screws, and bolts to the back

to make room for the shears,

 

glue and paper left over

from the school diorama project

on its way out the door. Or like

 

this bunched drawstring, long

from his sweatpants,

snagged in the brush, gray

 

with hairs of the long dead cat,

and the chewed leather toy

in case the dog comes back.

 

It’s not that you think you’re too old

for another entanglement.

It’s fear you might again outlive.

John Hicks is a New Mexico poet whose work has been published by Valparaiso Poetry Review, I-70 Review, Verse-Virtual, Poetica, Blue Nib, and others. His MFA is from The University of Nebraska Omaha.

Arriving Again in the Chihuahuan Desert

as children not knowing past

meant long ago

we summited the Tascotal Mesa

to look out across

the three kingdoms’ mountains

 

the sotol blooms themselves

were our elders

 

which of us said to the Spaniards

that these mounds looked like the lungs

of the Rio Grande?

we thought by now the dust

would have drowned them

 

since then we have grown gray

on different sides of the Bofecillos

 

I cannot find where we made camp

or think how to ask those

who will not name their dead

if you remain in the southern country

 

I have visited too early —

the claretcup cacti hold court

above the Presidio of San Vicente

without their diadems

 

and this place is like a corpse

the nomads would not let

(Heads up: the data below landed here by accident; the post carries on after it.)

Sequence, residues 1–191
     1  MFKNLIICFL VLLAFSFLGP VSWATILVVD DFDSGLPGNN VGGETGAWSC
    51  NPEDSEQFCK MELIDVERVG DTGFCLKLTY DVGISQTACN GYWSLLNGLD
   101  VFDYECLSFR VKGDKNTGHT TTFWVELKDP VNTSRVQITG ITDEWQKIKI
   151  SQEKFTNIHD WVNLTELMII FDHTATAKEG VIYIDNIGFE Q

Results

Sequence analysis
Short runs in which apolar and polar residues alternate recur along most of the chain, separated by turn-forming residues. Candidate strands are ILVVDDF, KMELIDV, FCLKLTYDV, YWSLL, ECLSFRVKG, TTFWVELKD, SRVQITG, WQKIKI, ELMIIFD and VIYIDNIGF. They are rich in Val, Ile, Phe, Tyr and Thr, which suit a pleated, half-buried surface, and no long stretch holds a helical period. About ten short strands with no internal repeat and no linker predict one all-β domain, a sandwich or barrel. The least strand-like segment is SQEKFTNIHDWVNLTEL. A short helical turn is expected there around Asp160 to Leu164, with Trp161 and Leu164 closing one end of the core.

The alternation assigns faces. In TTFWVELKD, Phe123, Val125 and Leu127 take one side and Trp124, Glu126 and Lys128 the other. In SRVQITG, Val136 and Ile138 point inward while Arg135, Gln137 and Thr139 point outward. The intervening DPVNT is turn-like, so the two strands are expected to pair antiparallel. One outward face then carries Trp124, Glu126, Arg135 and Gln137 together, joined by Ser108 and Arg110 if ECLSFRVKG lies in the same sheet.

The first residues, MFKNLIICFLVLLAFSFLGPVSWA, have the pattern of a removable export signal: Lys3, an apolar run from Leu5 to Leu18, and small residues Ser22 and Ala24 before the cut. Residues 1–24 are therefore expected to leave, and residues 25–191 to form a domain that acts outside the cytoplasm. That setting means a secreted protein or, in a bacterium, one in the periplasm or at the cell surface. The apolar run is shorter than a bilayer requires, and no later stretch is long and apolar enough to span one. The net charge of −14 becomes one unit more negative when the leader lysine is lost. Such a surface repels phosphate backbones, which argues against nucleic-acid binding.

their young ones near

J. R. Forman’s work has appeared in Borderlands, Ramify, Visitant, Agave Review, Apricity, Stirring, Matter, Streetlight Magazine, Glint Literary Journal, and various anthologies. He holds a BA from St. John’s College and PhDs from the universities of Dallas and Salamanca. Visit drjrforman.com.

Double-Edged

Sharpened steel soothes

as well as slices

bone and breath.

 

Some days,

the cut and the calm

are simply the same.

 

Peace and panic

both bleed.

 

A version first published in Heroin Love Songs.

Living in Happy Valley, Michele Mekel is a writer and editor, educator and bioethicist, poetess and creatrix, cat herder and chief can opener, witch and woman, and, above all, human. Her work has appeared in various publications.

Presenting The Blank Page

A field of snow one medieval morning.

An empty cupboard in ancient Rome.

A hidden room behind a secret door,

the Inquisitor grim and hellbent

on the soul’s corruption.

 

The page is a plain of energy.

An unsolved theorem. A London fog.

A lantern at perpetual dusk,

the page is pure potentiality.

A promise made. A sin forgiven.

Bruce McRae, a Canadian musician, has published over 1,900 poems internationally in magazines such as Poetry, Rattle, and the North American Review. His books are The So-Called Sonnets, An Unbecoming Fit Of Frenzy, Like As If, and Hearsay.

nota di suicidio

The second floor

Was cheapest.

There’s a crash up above me and

my chandelier shakes

 

and the Sun is not risen.

This feels like well-rested

compared to unsleeping weeks.

Your note sits on my nightstand,

haunts every sparse dream.

I read it again, the content the same,

“I was forced to come in but I’ll choose when I leave.”

Sean Joseph Pino is a 24-year-old writer from Southern California whose interests include photography, backpacking, surfing, and medicine. His writing reflects the emotions and cognitions that unite us. He is set to start medical school in the fall of 2022.

Tsunami_by_hokusai_19th_century.jpg

The Well